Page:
COMPAT by its order dated November 8, 2016, has set aside the penalty imposed by CCI on GSK and Sanofi for being guilty of acting in contravention of Section 3 (3) (d) read with Section 3(1) of the Act and imposed penalty at the rate of 3% of their turnover of last three financial years.
In the Information filed by Bio-med Pvt Ltd., an indigenous manufacturers of the QMMV vaccine, it was alleged that the Union of India had abused its dominant position by incorporating restrictive and exclusionary conditions like minimum annual turnover of INR 10 Crores initially, then INR 20 Crores and later INR 50 Crores in subsequent tenders, and a certificate in support of manufacturing and marketing for the last three years. Being an indigenous manufacturers, the Informant was supplying the vaccines to the Union of India at a price much lower than GSK/Sanofi. However, the introduction of these new conditions restricted the participation of the Informant even though it was fully licensed under the provisions of the Drugs and Cosmetics Act, 1940.
Further, the Informant alleged that GSK and Sanofi have adopted deliberate plan where only one of the companies plans to participate in a tender process. While from 2003 to 2008, only GSK participated in the tender or the tender offer by Sanofi was higher than GSK; the roles were reversed from 2008 onwards. In formant alleged the same as amounting to violation of Section 3(3) (d) of the Act.
The CCI ordered investigation against GSK and Sanofi for alleged bid rigging, while rejecting allegations of abuse of dominance. The DG Report noted that both Sanofi and GSK had failed to explain why they quoted half quantities in the tender of 2011 and why the prices quoted were higher than the approved prices of the last tender. The DG found that the documents produced by GSK and Sanofi did not show any constraint relating to supply of vaccines. Considering their regular global supplies, it was not explained with evidences as to how they were unable to supply full quantity in the tender of 2011. According to the DG, non-participation of GSK in tenders of 2012 and 2013 further established the collusion. Thus, the DG Report recommended that the conduct of GSK and Sanofi, sharing the tender quantity and having quoted very high price in the bids given for the year 2011, was in contravention of Section 3(3)(d) read with Section 3(1) of the Act.
The CCI approved the finding recorded by the DG that the GSK and Sanofi have acted in contravention of Section 3(3)(d) read with Section 3(1) of the Act and imposed penalty of Rs.604,890,469.998 on GSK and Rs.30,434,200.89 on Sanofi respectively.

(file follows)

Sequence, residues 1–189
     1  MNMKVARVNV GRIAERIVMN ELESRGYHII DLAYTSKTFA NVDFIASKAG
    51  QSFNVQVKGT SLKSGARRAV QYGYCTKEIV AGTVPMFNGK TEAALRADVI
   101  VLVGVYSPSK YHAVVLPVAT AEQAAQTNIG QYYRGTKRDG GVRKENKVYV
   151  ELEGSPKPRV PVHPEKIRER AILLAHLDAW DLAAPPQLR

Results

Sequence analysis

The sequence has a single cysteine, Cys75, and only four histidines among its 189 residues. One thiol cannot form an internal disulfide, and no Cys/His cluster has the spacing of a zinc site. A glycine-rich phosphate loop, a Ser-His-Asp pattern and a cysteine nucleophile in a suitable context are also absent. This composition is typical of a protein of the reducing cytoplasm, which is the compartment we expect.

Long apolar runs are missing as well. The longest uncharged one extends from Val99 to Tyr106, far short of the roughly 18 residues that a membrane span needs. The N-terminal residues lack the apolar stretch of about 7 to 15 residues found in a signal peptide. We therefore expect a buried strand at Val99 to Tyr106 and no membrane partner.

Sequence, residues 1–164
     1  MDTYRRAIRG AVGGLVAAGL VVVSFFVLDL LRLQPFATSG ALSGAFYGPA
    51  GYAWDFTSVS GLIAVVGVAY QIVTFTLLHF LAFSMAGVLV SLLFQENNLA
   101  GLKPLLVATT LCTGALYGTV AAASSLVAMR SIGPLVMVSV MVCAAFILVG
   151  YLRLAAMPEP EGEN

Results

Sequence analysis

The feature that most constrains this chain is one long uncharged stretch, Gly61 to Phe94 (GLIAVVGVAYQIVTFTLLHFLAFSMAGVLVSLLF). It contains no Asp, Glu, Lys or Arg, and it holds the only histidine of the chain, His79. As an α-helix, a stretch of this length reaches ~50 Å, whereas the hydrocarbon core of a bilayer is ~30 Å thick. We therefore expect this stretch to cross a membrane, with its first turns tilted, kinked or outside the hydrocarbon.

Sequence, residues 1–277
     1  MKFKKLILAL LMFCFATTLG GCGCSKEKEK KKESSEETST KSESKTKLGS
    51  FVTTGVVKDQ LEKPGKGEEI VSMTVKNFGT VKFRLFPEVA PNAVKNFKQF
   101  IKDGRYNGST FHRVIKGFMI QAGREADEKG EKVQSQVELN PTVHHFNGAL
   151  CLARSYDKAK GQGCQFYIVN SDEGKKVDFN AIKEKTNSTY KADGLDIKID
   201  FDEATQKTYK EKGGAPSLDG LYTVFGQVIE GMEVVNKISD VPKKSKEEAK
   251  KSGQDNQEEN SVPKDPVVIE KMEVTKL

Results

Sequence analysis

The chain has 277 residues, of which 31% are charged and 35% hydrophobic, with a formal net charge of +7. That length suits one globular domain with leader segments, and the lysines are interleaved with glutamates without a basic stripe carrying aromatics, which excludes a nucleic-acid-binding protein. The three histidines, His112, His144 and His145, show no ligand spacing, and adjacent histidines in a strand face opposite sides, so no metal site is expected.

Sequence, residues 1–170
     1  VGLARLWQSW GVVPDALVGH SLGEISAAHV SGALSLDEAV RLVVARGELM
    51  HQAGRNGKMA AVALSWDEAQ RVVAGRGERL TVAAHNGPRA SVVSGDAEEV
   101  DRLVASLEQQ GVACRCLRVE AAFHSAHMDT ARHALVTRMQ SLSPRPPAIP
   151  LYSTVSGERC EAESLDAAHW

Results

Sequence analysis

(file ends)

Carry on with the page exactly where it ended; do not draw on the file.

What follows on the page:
Both GSK and Sanofi challenged the order of the CCI imposing penalty before COMPAT. It was contended that GSK did not participate in the tender of August 2011 because the time gap between the opening of tender and supply of the vaccine was very short and it was impossible to import the vaccine from Belgium and then undertake the exercise of putting stickers, testing and packaging. Sanofi argued that GSK did not participate in the first and the second re-tender, the question of collusive bidding or bid rigging is altogether ruled out, more so because no evidence was produced to show that non-participation of GSK in the first and second re-tender was a part of the arrangement made between the Sanofi and GSK
The COMPAT noted that in response to tender notice dated 25.06.2011, GSK had given bid for 1,00,000 doses @ Rs. 3000.90 per 10 doses vial and Sanofi had given bid for supply of 90,000 doses @ Rs.2899/- per 10 doses vial. Both the GSK and Sanofi had given cogent explanation and produced voluminous records to show as to why they had given bids for limited quantity. Sanofi had explained that it did not give bid for the entire quantity because in the previous years, it remained unsuccessful and had to destroy the vaccine by incurring huge losses. GSK had explained that it was not plausible to import vaccine from Belgium, get the same tested at Kasauli, put stickers and do packaging in a short period of 11-12 days in response to the first re-tender and 2-3 days in response to the second re-tender. Notwithstanding this, the DG observed that the appellants had quoted identical quantity at the same price. Further, the bid price of Sanofi was not higher by 39.44% as compared to the last purchase as stated by the DG, but was only higher by 16.14% higher than the previous purchase price and that too was as a result of general increase in the price.
Consequently, the COMPAT held that the finding recorded by the CCI that the GSK and Sanofi are guilty of collusive conduct and violated Section 3(3) (d) read with Section 3(1) of the Act was legally unsustainable and the impugned order is liable to be set-aside in toto. (Source: COMPAT Order dated November 08, 2016. For full text see COMPAT website)